Presently, it seems that Iran is bending to the pressure and has agreed to allow further IAEA nuclear inspections by the end of January. Israeli Prime Minister Benjamin Netanyahu told an Australian newspaper that “for the first time, I see Iran wobbling […] under the sanctions that have been adopted and especially under the threat of strong sanctions on their central bank.” So far – as a 2011 survey conducted by the Israeli Democracy Institute at Tel Aviv University showed – a majority of the Israeli public (51.6%, of which 52% Jews and 49.7% Arabs) believes that the Western countries’ proclaimed efforts to prevent Iran from developing nuclear weapons “are not serious and not sincere efforts.”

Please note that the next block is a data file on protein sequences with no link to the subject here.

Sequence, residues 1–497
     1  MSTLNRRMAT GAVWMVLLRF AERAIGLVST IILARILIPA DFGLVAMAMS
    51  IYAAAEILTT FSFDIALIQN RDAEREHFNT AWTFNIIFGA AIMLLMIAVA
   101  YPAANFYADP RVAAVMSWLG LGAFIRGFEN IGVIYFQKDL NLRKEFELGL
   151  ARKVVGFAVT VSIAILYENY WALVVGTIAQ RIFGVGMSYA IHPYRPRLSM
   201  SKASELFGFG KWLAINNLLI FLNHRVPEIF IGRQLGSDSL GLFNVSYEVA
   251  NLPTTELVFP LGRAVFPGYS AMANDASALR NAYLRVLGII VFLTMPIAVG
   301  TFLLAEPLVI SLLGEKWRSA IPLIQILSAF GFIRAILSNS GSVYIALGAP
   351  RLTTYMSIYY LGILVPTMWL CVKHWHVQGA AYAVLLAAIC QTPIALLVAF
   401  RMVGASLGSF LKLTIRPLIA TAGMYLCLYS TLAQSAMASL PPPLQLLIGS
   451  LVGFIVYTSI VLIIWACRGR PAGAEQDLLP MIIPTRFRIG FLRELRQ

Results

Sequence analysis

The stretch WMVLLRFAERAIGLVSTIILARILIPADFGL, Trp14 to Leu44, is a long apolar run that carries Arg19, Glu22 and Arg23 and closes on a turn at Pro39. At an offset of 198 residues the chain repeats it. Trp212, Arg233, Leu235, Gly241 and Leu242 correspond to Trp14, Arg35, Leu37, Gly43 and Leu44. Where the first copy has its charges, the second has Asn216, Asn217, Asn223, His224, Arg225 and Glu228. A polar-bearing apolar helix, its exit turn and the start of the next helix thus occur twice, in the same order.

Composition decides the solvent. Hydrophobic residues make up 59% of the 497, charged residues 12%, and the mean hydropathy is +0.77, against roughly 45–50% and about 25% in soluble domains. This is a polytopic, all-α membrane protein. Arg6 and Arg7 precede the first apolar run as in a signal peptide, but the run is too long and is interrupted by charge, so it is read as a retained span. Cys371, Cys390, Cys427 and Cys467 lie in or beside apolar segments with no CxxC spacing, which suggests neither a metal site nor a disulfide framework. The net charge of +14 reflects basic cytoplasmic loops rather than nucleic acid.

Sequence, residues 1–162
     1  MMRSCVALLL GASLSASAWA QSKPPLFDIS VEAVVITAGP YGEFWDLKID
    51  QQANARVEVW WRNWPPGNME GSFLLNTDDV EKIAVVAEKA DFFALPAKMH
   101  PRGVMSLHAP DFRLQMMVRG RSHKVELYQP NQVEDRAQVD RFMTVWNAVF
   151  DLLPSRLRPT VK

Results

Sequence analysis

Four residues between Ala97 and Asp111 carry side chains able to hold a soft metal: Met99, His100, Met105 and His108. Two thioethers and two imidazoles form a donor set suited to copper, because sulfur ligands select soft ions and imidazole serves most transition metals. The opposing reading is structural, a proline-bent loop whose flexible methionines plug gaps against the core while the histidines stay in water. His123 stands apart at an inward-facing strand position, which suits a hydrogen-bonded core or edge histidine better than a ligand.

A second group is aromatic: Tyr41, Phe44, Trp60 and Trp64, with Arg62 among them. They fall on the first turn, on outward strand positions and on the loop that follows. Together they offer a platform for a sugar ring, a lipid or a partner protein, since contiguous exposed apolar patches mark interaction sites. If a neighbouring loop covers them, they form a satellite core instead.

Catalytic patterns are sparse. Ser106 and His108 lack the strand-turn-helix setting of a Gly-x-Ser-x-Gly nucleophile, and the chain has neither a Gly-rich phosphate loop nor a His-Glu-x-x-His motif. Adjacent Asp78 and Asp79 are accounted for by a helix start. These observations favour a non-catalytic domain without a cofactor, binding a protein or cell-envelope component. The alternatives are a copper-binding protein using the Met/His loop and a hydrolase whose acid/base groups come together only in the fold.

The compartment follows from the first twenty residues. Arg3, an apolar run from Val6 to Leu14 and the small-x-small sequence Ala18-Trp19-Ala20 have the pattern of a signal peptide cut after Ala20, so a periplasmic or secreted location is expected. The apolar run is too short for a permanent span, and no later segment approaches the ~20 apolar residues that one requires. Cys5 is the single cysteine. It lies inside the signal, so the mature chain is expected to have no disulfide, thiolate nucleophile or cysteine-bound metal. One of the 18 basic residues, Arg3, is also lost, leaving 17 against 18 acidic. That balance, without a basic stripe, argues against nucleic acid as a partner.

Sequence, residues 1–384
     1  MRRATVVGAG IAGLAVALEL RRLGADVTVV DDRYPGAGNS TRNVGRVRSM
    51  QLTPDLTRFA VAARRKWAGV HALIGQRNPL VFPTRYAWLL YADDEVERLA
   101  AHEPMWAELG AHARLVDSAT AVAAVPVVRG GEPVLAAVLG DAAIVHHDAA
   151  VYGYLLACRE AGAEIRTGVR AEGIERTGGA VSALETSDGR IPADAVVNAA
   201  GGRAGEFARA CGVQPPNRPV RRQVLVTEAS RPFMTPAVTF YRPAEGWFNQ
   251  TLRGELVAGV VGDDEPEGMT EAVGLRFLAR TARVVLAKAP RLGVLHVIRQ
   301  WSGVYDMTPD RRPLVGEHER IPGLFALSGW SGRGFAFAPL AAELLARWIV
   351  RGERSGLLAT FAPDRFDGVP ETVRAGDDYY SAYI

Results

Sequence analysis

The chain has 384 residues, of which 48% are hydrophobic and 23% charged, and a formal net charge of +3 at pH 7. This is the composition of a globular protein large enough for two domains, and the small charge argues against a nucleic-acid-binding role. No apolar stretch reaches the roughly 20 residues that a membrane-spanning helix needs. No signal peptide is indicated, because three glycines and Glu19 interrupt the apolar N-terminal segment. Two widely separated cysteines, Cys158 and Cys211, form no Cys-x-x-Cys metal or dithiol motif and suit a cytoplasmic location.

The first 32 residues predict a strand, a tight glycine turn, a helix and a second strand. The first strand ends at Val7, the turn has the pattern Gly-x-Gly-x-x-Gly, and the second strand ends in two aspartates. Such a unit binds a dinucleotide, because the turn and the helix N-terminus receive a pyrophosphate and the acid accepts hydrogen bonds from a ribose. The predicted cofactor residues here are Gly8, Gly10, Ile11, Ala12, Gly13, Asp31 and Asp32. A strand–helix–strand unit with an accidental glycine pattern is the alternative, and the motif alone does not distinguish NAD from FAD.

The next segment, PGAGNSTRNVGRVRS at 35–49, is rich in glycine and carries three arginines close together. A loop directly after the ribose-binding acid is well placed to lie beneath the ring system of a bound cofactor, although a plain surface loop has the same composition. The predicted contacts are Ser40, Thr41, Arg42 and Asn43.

Whether the new sanctions will have an effect in the long term is questionable. Sanctions aiming at the Iranian oil industry were already imposed by the Clinton administration, when, as Former National Security Council staffer Gary Sick suggested on CNN, Iran “had not a single centrifuge turning. After a decade and a half of sanctions, Iran has more than 8,000 centrifuges spinning and a substantial stock of low-enriched uranium.” Every new round of sanctions has only led to an intensification of the Iranian nuclear program over time. Especially after the Western invasions of Afghanistan and Iraq, Tehran – well aware that it does not have the conventional military capabilities to prevent an invasion of its territory – became even more determined to build a nuclear bomb. Diplomatic channels for solving this security dilemma in the Middle East and for alternative options for a civilian Iranian nuclear power program have remain unexplored by the West, as well as by Iran.